Richard Heathfield's setbits()

Discussion in 'C++' started by Alex Vinokur, May 2, 2010.

  1. Alex Vinokur

    Alex Vinokur Guest

    Hi,

    Here is Richard Heathfield's function from http://users.powernet.co.uk/eton/kandr2/krx206.html

    #include <stdio.h>
    unsigned setbits(unsigned x, int p, int n, unsigned y)
    {
    return (x & ((~0 << (p + 1)) | (~(~0 << (p + 1 - n))))) | ((y & ~(~0
    << n)) << (p + 1 - n));
    }

    setbits(x,p,n,y) returns x with the n bits that begin at position p
    set to the rightmost n bits of y, leaving the other bits unchanged.

    It seems that setbits (x, 31, n, y) may produce undefined behavior.

    According to the C++ standard:
    Behavior of shift operators << and >> is undefined if the right
    operand is negative, or
    greater than or equal to the length in bits of the promoted left
    operand.

    So, result ((~0 << (p + 1)) may be undefined.

    Regards,

    Alex Vinokur
    Alex Vinokur, May 2, 2010
    #1
    1. Advertising

  2. Alex Vinokur <> writes:

    > Here is Richard Heathfield's function from http://users.powernet.co.uk/eton/kandr2/krx206.html
    >
    > #include <stdio.h>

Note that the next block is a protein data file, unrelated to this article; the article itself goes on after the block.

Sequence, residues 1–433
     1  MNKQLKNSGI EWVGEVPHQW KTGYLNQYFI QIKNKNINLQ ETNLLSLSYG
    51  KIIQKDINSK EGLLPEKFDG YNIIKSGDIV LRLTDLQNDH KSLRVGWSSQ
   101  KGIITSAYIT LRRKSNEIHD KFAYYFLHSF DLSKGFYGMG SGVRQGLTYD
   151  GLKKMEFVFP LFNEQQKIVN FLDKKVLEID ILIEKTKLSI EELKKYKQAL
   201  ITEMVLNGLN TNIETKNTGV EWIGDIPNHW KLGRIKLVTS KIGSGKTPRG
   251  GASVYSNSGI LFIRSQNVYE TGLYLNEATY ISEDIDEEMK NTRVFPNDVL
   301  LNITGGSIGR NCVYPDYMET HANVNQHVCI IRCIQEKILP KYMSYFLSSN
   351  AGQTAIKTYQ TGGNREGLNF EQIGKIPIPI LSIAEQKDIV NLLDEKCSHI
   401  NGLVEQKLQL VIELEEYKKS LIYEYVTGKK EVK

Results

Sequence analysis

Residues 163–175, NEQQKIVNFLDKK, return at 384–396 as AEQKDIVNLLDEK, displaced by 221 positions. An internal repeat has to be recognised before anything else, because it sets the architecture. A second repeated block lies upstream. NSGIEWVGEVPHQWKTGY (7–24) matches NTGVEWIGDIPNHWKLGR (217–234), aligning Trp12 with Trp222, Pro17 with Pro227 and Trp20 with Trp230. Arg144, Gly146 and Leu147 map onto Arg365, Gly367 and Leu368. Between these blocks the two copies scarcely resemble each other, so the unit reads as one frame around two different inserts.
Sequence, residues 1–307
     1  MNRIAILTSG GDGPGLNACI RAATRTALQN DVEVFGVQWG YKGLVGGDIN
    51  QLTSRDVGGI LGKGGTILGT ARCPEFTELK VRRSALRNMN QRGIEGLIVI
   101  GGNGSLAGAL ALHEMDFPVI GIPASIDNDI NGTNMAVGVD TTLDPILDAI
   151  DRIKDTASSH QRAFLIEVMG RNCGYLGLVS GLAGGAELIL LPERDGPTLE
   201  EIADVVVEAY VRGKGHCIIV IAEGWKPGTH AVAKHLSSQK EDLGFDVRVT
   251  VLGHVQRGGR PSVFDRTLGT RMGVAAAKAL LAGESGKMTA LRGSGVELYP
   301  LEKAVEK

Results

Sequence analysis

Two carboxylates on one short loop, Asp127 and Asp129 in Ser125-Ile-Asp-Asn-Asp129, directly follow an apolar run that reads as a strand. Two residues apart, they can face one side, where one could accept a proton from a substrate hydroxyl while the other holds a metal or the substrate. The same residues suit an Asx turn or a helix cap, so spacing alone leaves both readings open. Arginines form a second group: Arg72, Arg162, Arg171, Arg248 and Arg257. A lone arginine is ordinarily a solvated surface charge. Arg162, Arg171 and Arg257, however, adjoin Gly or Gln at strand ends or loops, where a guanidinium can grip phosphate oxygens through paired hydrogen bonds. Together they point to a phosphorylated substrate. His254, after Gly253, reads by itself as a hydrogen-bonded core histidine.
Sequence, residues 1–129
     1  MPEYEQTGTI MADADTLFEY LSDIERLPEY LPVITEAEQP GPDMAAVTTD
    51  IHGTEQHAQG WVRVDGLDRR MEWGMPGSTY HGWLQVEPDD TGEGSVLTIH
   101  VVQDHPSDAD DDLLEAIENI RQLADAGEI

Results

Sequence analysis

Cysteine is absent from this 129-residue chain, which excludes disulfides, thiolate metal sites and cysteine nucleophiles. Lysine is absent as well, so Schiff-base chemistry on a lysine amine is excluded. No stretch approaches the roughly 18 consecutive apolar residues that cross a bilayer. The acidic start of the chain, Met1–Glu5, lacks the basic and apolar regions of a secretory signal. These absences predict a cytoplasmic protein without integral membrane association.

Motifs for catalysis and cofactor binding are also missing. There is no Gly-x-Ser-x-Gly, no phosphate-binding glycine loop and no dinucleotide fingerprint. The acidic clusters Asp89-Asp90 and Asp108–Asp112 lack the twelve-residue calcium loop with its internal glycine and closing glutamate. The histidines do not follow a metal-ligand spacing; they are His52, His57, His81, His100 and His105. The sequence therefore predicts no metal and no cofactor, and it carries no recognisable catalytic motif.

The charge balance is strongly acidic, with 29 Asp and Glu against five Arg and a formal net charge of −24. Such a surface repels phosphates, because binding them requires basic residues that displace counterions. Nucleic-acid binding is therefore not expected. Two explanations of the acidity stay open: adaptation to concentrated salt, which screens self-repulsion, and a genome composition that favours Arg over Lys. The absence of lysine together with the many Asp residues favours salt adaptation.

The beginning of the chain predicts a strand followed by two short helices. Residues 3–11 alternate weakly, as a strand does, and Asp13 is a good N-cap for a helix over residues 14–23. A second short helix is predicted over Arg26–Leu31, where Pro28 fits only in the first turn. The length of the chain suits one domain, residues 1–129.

> unsigned setbits(unsigned x, int p, int n, unsigned y)
    > {
    > return (x & ((~0 << (p + 1)) | (~(~0 << (p + 1 - n))))) | ((y & ~(~0
    > << n)) << (p + 1 - n));
    > }
    >
    > setbits(x,p,n,y) returns x with the n bits that begin at position p
    > set to the rightmost n bits of y, leaving the other bits unchanged.
    >
    > It seems that setbits (x, 31, n, y) may produce undefined behavior.


    Yes, it does.

    > According to the C++ standard:


    K&R is about C so you should probably quote the C standard. The intent
    is that C and C++ remain synchronised about this sort of thing so won't
    matter much, but a solution to a K&R exercise must be assumed to be C.
    As it happens, modern C (C99) has diverged from C++ in the case of left
    shifting negative numbers but the above is, presumably, not C99.

    > Behavior of shift operators << and >> is undefined if the right
    > operand is negative, or
    > greater than or equal to the length in bits of the promoted left
    > operand.
    >
    > So, result ((~0 << (p + 1)) may be undefined.


    It can be undefined for other reasons, though none that matter in the
    context of K&R2. ~0 is often signed and negative in which case it is